- Associated Press - Friday, June 20, 2014

BISMARCK, N.D. (AP) - North Dakota’s Game and Fish Department is unable to account for 10 guns that are missing from a volunteer hunter education program, despite an assurance from the agency’s director that the firearms would be found by now.

An audit of the agency in April found that 100 firearms provided to volunteer hunter education instructors were missing. Game and Fish was required to take an annual inventory of the guns but had not done so, according to the audit that found dozens of discrepancies with the agency’s practices, including misuse of public money and its “noncompliance with laws, rules, and policies.”

Game and Fish Director Terry Steinwand said on June 6 that the agency would have possession of the guns within a week.

Steinwand said Friday that the prediction proved to be optimistic.

“That was a pretty aggressive schedule,” he said. “We are putting a lot of effort into this. We have to have a physical inventory of the guns.”

Agency spokesman Craig Bihrle said the department believes it has 748 guns used for the program but could only account for 738 of them on Thursday. He said game wardens have been working with volunteer hunting instructors to track the guns.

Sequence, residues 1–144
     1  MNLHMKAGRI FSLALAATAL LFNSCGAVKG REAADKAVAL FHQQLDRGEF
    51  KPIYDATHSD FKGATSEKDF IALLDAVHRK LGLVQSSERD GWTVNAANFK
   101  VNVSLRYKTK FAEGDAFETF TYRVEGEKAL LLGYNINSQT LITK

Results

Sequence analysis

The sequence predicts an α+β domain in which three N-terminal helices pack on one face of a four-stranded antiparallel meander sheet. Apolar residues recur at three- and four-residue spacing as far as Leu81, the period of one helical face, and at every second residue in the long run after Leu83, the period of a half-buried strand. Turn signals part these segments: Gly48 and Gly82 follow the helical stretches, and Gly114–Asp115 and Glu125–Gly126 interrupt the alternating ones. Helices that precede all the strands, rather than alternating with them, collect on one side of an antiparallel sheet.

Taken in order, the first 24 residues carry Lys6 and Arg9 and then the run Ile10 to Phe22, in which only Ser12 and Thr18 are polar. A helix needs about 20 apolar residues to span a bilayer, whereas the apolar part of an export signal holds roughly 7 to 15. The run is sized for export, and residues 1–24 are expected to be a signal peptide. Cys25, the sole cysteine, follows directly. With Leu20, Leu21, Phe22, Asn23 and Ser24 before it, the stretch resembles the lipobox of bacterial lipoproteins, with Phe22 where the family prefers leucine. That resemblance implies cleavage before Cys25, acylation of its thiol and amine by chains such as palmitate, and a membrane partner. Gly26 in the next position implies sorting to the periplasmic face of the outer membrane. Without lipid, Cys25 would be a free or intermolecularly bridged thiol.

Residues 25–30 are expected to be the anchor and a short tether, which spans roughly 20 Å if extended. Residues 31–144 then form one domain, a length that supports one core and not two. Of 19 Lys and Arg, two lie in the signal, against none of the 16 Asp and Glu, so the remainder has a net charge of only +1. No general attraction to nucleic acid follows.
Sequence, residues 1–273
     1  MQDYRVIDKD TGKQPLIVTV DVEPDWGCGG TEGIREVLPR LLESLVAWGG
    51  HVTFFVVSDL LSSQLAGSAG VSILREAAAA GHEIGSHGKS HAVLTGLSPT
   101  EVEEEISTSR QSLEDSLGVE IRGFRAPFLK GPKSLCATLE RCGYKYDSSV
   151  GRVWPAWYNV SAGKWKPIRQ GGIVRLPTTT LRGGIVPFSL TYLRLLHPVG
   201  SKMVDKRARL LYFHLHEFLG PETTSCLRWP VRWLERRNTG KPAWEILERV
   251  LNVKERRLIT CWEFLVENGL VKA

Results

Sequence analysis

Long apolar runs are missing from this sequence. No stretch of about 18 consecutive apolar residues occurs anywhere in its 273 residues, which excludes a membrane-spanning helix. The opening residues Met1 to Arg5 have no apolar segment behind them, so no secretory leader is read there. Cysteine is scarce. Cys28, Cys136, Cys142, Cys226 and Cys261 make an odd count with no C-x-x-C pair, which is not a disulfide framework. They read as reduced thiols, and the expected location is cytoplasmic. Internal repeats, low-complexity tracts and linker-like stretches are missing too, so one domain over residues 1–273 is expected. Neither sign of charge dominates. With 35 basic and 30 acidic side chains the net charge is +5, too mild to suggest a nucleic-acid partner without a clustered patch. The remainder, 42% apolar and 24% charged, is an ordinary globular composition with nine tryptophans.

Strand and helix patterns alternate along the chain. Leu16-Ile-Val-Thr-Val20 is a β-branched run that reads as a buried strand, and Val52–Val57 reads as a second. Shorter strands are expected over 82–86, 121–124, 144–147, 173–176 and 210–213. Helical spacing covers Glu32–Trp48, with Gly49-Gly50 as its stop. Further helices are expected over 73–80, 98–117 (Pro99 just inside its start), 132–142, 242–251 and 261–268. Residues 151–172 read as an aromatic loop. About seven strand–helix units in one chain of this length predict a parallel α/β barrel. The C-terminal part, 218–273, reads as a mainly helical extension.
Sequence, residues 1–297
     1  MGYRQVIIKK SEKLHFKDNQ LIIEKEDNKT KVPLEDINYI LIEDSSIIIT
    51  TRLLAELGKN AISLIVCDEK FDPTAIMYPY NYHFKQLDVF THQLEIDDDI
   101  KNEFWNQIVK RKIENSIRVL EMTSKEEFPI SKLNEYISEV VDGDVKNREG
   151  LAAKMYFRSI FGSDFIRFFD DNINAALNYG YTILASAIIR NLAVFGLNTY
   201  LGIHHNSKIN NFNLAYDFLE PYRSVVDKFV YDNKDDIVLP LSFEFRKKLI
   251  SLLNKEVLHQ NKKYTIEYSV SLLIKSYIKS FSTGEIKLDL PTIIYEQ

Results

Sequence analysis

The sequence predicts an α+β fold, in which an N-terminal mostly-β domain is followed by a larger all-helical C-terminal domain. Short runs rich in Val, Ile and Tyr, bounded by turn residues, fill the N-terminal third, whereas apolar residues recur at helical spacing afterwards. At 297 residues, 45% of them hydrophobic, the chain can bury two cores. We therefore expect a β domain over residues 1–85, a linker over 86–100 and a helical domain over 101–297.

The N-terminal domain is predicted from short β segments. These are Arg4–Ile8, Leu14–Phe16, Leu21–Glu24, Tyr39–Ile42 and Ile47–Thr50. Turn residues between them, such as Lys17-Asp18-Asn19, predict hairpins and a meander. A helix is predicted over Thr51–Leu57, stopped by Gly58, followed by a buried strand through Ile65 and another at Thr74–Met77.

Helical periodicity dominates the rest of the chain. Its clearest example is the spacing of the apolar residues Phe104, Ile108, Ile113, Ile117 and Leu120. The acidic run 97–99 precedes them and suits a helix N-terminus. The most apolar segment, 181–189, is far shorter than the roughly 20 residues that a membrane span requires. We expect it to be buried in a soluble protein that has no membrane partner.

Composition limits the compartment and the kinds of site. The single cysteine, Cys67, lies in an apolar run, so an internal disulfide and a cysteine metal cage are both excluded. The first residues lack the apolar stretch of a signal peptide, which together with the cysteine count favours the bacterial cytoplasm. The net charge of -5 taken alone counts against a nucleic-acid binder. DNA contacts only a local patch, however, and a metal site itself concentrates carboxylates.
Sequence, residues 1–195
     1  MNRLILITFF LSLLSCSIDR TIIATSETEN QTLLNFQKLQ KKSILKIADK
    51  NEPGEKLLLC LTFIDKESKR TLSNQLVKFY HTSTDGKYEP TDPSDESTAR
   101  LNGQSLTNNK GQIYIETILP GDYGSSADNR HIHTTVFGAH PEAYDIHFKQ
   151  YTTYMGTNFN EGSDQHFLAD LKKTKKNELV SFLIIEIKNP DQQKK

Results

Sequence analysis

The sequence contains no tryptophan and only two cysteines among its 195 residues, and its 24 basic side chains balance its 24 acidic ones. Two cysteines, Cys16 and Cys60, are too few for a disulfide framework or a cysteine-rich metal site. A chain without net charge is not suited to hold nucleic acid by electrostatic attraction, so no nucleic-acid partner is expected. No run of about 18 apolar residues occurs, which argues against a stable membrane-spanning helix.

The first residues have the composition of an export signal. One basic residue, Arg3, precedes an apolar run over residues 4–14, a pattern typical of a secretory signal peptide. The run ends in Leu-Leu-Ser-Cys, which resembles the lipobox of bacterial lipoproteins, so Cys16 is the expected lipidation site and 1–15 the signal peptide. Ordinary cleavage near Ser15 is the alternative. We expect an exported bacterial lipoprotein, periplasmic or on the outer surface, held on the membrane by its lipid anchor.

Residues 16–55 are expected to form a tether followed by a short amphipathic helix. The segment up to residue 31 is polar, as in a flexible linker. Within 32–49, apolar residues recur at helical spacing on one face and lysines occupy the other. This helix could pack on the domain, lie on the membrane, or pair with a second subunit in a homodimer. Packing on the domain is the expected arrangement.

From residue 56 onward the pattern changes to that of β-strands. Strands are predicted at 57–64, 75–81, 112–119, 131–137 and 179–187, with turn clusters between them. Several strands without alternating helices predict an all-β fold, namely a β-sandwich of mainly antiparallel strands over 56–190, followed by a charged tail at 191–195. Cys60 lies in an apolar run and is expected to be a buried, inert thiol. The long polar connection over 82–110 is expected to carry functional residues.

Steinwand and Bihrle said the agency is checking various records to verify that the number of guns is actually 748. Steinwand said some of the guns assigned to hunting instructors are believed to be out of state and have not yet been turned over to the agency.

“We are not going to say we have accounted for them until we have them in our physical possession,” Steinwand said.

Jeff Zent, a spokesman for Gov. Jack Dalrymple, said the governor has been getting regular updates about the status of the firearms.

“I know they have collected a substantial number of guns and are working on taking possession of more,” Zent said Friday.

Game and Fish regulates hunting, fishing and trapping; manages land; and promotes conservation. The agency does not receive money from North Dakota’s general fund and is instead supported by state licensing fees and federal tax money from the sale of firearms, ammunition and other sporting equipment.

Along with the missing firearms, misuse of public money and the agency’s noncompliance with laws, policies and procedures, the review, conducted by the state auditor’s office, criticized the agency for not safeguarding sensitive personal information, including Social Security numbers. The audit said employees dealing with such information are supposed to undergo background checks but that did not happen in some cases.

Auditors also said a program run by the agency called Private Lands Open to Sportsmen is not operating effectively. The program offers payments to landowners who agree to keep their property open to public hunting.

Bihrle said department managers underwent training last week to ensure department policies and procedures are followed.